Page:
Places of interest near Il Rigo in the Val d’Orcia
- An abundance of art, culture, Renaissance architecture and mediaeval towns and villages
- Montalcino, Montepulciano, Pienza, Buonconvento, Sant’Antimo Abbey, Siena and more…
Southern Tuscany overflows with places of interest and things to look at. Almost every village and town is a haven rich in art, culture and fascinating architecture. Out in the countryside the landscapes are breathtakingly enchanting and so very easy on the eye. We are also within easy reach of Florence (2hrs), San Gimignano and Siena (1hr), some of Italy’s most alluring towns and cities. Much of this beauty and culture is available to you during your stay with us, but it is also easy to add a stay before or after your time with us, should you wish to further explore Tuscany.
Pienza – 15 minutes drive, 2 hours walk
Originally called Corsignano, Pope Pius II came from Pienza. He decided to re-design the town to incorporate a number of piazzas for people to gather in – an early example of town planning. The town was awarded UNESCO World Heritage status in 1996 due to its rich Renaissance architecture. Pienza is also linked strongly with the ‘Pecorino’ cheese made from sheep’s milk, which is considered a delicacy locally.
San Quirico D’Orcia – 5 minute drive – 15 minute walk
Our local town, San Quirico d’Orcia is historically very important as a place of refuge for pilgrims on the ancient Via Francigena between Canterbury to Rome. As a result, San Quircio D’Orcia is still one of the main gateways to the wonderful walking in the Val D’Orcia. The narrow cobbled streets are lined with cafés and it is a charming and easy to stop here for refreshment after a walk before strolling back to Il Rigo to relax.
Bagno Vignoni – 15 minute drive – 1 ½ hour walk
Often featured in the top 10 most beautiful villages in Italy, Bagno Vignoni has been on the radar since ancient times due to its hot and sulphurous waters. The central square is occupied by a large rectangular pool which is said to have cured illnesses such as leprosy. Nowadays, this square is also lined with cafés and bars and it offers a picturesque coffee stop. Some public pools are found at the southern end of town and it is lovely to dip your toes in the water at the end of a walk.
Montalcino – 30 minute drive – 3 hour walk
Montalcino is home to the world-famous Brunello wine. This hill-top town boasts many beautiful examples of Renaissance architecture as well as a 12th century castle and a number of art museums. Well worth a visit and perhaps a little taste of its most famous product!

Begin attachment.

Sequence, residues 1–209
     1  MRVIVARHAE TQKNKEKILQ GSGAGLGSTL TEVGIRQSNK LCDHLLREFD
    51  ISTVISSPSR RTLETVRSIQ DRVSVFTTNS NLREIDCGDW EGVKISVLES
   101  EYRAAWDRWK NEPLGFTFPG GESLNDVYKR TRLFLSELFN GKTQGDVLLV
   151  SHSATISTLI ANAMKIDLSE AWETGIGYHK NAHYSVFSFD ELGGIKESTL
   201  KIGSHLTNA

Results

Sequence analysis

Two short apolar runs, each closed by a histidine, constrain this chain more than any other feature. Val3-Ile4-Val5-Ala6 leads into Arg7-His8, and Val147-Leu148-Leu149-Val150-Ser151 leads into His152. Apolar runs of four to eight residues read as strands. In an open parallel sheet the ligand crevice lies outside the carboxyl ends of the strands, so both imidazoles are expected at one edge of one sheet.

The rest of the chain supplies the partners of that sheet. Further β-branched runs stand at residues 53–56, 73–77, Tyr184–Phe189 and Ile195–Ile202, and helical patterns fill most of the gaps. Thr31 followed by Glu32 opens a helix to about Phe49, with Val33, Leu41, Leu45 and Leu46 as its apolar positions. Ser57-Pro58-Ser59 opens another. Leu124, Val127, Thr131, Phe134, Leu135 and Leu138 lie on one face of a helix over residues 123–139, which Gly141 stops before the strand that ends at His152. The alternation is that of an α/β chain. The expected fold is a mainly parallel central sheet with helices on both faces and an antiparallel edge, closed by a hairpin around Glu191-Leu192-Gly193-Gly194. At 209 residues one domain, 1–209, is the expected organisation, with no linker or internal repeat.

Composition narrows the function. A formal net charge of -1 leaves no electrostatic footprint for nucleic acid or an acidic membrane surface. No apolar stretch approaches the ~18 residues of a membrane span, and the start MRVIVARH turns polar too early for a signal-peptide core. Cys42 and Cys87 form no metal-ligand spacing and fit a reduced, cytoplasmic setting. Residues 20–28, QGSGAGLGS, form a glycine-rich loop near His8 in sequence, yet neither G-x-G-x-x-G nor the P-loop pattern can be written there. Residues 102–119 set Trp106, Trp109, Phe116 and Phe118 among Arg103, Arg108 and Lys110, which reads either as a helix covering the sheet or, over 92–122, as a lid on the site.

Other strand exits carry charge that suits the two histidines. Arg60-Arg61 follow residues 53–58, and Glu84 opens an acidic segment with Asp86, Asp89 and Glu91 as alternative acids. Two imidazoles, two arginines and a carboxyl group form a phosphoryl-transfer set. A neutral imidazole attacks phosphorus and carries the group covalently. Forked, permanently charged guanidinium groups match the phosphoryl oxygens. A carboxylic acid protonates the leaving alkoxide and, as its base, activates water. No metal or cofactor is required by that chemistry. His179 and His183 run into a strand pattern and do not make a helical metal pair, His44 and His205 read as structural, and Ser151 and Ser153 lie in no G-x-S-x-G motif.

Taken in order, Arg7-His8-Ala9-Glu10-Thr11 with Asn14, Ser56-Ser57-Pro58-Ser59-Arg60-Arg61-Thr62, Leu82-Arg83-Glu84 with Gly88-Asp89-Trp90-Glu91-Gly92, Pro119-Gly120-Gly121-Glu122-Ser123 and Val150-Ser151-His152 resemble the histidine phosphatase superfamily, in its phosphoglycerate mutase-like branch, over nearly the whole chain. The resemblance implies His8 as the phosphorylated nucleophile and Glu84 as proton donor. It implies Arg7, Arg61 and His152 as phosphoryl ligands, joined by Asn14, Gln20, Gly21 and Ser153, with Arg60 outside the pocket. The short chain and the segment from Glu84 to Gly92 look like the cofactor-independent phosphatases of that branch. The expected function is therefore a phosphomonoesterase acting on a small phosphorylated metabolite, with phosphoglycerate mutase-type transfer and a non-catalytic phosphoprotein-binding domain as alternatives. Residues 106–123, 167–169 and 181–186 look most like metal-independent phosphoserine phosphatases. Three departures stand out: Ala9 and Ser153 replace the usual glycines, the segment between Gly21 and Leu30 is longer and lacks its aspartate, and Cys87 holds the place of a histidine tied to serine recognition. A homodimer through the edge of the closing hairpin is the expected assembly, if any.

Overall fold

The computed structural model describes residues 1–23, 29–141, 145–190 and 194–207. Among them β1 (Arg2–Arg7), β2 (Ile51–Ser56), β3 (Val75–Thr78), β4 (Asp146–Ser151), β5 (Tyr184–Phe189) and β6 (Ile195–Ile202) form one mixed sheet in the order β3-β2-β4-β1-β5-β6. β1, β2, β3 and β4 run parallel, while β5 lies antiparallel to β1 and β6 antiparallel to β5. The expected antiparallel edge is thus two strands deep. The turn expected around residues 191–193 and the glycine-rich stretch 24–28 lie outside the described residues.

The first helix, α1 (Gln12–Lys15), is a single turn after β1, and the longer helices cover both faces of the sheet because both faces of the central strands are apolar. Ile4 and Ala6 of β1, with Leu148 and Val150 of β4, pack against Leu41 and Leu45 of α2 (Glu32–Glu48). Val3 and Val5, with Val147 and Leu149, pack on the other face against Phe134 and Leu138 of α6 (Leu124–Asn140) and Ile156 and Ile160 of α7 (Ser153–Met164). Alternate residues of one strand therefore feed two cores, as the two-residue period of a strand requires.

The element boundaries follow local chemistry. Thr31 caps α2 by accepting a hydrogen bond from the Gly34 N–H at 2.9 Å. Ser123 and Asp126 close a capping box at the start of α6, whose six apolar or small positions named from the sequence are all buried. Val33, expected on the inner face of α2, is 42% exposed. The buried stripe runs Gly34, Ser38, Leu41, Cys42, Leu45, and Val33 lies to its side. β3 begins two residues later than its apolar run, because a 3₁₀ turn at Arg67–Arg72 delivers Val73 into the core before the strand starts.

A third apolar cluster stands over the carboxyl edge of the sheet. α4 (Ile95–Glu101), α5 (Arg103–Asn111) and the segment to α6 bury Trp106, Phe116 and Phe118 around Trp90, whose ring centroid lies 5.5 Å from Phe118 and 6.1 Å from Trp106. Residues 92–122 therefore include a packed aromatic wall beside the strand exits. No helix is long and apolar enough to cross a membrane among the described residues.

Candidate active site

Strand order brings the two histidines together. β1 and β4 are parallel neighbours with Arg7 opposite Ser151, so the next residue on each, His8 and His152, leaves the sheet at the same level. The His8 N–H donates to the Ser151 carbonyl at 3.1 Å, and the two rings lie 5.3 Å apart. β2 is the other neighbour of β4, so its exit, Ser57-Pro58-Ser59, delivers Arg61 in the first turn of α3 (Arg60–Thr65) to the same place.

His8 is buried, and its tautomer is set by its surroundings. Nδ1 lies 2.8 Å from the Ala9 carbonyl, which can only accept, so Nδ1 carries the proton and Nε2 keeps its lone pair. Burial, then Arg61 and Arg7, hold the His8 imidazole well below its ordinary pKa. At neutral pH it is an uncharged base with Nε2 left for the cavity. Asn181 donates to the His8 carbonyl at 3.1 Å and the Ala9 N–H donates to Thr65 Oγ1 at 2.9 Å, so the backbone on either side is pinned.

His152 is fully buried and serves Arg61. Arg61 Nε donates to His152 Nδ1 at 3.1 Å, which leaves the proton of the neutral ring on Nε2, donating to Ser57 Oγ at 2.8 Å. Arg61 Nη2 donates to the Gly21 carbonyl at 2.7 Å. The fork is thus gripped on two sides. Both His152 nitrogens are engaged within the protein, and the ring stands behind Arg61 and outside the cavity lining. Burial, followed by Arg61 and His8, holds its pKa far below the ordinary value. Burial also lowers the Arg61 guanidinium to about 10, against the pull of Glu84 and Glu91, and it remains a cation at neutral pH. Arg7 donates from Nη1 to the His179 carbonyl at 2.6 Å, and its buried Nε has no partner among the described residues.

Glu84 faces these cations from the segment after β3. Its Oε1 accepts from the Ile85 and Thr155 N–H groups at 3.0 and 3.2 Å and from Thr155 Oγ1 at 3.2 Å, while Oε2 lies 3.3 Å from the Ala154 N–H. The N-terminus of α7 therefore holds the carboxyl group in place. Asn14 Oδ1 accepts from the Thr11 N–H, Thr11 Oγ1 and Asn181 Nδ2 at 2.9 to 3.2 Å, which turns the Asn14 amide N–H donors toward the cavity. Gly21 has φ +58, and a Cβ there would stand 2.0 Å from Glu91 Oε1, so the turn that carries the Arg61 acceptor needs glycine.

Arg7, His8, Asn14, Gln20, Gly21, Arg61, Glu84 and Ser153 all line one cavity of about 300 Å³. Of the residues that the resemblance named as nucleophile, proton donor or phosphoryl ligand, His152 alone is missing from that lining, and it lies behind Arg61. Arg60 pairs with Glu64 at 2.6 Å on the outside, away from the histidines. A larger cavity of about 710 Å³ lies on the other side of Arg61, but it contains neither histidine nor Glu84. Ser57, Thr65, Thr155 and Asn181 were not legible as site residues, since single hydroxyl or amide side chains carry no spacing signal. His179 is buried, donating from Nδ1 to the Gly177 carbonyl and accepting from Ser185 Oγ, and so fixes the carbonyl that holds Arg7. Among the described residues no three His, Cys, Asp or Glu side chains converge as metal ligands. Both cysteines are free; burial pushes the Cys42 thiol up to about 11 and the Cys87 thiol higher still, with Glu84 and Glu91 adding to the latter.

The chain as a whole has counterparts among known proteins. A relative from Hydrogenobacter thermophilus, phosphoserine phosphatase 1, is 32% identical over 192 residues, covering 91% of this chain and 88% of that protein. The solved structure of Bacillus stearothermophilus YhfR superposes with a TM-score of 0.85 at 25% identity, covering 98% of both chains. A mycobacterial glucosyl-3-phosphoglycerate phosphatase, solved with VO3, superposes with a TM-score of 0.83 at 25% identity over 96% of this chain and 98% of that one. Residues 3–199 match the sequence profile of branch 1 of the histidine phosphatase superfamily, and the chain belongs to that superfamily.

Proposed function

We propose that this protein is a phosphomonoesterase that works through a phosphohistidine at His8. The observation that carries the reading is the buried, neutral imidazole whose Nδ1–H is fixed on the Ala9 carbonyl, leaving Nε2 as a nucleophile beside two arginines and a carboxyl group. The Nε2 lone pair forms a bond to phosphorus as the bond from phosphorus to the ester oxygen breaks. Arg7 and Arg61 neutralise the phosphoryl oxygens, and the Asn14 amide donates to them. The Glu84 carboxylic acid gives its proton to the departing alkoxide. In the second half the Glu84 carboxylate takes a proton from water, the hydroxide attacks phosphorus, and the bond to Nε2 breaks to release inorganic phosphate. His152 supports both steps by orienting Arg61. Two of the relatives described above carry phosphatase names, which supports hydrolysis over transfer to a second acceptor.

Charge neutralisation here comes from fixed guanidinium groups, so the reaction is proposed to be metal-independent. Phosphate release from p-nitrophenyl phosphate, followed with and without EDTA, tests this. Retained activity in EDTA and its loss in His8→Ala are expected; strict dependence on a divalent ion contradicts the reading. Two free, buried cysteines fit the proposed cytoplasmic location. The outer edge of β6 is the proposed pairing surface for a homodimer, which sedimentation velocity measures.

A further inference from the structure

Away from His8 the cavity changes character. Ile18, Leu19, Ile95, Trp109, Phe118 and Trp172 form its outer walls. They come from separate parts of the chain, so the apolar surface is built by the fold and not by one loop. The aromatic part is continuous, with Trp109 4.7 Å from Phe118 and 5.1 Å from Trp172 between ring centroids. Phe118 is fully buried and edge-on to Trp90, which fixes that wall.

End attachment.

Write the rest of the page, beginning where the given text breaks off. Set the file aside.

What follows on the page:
Monte Olivetto Maggiore – 30-40 minute drive
Dating back to 1313 AD, this Benedictine monastery, still in use today, is situated amongst the jagged clay hills of the Crete Senesi region on Tuscany. The Monastery has attracted many famous painters over the years and many pieces of work are on display here. However, perhaps the main attraction is a collection of 35 frescoes in the main cloister, which depict the life of St Benedict.
Sant’Antimo Abbey – 30-40 minute drive
Dating back to the 12th century, this is another Benedictine monastery which is still in use. The monks here meet seven times a day to pray. They also perform the atmospheric Gregorian chant.
Monticchiello – 30 minute drive – 4 hour walk
Originally built as a stronghold against the republic of Siena, this stunning village still sits within the defensive walls surrounding its castle’s keep. The village church has a number of historic frescoes and was home to the ‘Teatro Povero.’. Montichiello offers a beautiful panorama of the Val D’Orcia and some of the best sunsets in the area can be enjoyed here.
Montepuliciano – 35 minute drive
Great option for a day out, perhaps on our rest day. Encircled by famous ‘Nobile di Montepuliciano’ vines and perched on top of a tufaceous outcrop reaching 605m, this medieval city really dominates its surroundings. It is a wealth of Rennassaince architecture, which includes the stunning temple of San Biagio. There are plenty of hidden corners in its labyrinth of ancient streets, which date back to the Middle Ages. Its central square, Piazza Grande, makes for a wonderful spot to sit, taste some wines and watch the world go by.
Buonconvento – 30 minute drive
This quaint walled town, originating back to the 1100’s makes for a wonderful afternoon stop. Situated on the Via Francigena pilgrimage route, Buonconvento hosts a number of art galleries, as well as a pedestrianised main street with an abundance of cafés, their tables spilling out on to the cobbles.
La Foce – 40 minute drive
A large estate which has beautiful gardens which are open to visitors.
Siena – 1 hour drive time
No direct public transport links – but it is possible to get there with a bus to Buonconvento, then a train to Siena.